Adjective "join" definition and examples

(Join may not be an adjective, but it can be used as an adjective, click here to find out.)

Pronunciation

/dʒɔɪn/

Definitions and examples

verb

Link; connect.
  1. 'join the paragraphs together'
  2. 'Alaska and Hawaii are not joined to the other forty-eight states.'
  3. 'The promontory, jammed with red-tiled roofs, was once an island, but had for centuries been joined to the mainland by a narrow causeway.'
  4. 'It will be joined to the existing town of Cloughjordan by a pathway.'
  5. 'Believers are one with each other because they are joined to Christ.'
  6. 'The capillary sprouts eventually join together to form a new network, with arterioles supplying them and venules draining them.'
  7. 'For two guys literally joined at the hip, they lead very different lives.'
  8. 'The entrance through the outer ramparts was joined to the inner gateway by an ingeniously defended approach.'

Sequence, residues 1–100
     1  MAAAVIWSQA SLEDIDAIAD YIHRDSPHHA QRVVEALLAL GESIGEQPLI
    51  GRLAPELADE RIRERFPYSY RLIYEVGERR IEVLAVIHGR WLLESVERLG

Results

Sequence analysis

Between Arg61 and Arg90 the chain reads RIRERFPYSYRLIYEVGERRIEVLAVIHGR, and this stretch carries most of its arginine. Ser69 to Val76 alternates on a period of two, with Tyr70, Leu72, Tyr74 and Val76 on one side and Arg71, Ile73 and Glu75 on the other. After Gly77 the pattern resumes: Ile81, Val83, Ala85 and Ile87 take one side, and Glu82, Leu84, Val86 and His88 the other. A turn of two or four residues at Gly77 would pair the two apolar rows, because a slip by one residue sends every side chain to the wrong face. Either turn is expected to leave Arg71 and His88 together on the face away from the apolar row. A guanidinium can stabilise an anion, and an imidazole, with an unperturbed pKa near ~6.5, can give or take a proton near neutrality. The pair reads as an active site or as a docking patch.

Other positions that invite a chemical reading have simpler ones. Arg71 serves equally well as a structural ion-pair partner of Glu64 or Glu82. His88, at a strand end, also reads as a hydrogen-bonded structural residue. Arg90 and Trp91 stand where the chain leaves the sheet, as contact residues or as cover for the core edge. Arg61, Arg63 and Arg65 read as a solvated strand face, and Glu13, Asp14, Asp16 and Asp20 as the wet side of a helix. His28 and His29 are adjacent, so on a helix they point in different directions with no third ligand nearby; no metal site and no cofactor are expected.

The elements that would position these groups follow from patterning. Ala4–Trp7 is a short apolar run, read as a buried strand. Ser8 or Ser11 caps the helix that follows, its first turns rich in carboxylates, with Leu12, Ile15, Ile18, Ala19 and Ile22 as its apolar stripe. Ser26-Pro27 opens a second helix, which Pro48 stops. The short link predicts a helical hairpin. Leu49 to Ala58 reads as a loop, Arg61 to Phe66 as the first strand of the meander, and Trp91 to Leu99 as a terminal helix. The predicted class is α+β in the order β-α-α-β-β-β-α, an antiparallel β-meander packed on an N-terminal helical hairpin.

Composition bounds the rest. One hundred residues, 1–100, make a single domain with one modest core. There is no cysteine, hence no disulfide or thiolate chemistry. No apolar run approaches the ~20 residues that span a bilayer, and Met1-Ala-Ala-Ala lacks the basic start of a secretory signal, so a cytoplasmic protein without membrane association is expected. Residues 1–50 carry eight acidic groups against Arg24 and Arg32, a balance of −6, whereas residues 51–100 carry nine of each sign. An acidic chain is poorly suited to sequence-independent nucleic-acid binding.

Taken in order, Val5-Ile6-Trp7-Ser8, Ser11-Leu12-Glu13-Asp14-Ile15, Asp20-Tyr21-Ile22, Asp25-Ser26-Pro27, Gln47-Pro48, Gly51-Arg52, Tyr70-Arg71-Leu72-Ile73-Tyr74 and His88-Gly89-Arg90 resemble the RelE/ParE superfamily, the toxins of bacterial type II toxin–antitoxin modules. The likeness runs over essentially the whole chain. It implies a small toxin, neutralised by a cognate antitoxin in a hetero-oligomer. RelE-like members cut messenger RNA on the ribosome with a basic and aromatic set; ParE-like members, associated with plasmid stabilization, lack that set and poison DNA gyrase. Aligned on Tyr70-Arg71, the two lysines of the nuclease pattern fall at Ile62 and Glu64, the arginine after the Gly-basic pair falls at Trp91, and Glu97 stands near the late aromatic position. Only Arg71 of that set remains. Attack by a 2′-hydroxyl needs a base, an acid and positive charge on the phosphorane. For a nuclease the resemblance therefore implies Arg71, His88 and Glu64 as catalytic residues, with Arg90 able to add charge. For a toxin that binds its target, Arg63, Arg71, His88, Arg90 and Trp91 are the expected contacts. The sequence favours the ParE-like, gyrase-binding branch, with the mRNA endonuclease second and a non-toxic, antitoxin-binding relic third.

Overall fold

9. 'The convent, on the longitudinal axis, is joined to the Basilica by one of its short sides.'
  10. 'Two lower staterooms will be joined to make one large master suite.'
  11. 'The sphere of thought was joined to that of action, and the philosophy of Francis Bacon exemplifies the resultant outlook.'
  12. 'For this reason, I always travelled first to Manchester and then joined up with the main group of reds.'
  13. 'There is only one parabola joining these three points.'
  14. 'By joining the points of intersection between price and amount of X consumed at that price, we trace out a demand curve.'
  15. 'When all pairs of points are joined, the resulting network of points and lines is known as a complete graph.'
  16. 'The construction involves joining some points and drawing through some of the points of intersection lines parallel to other lines.'
  17. 'they joined up with local environmentalists'
  18. 'When the religious-right and the humanists join together for a common cause, no external entity can put down their efforts.'
  19. 'Both groups then joined together in a revolt against Dutch rule.'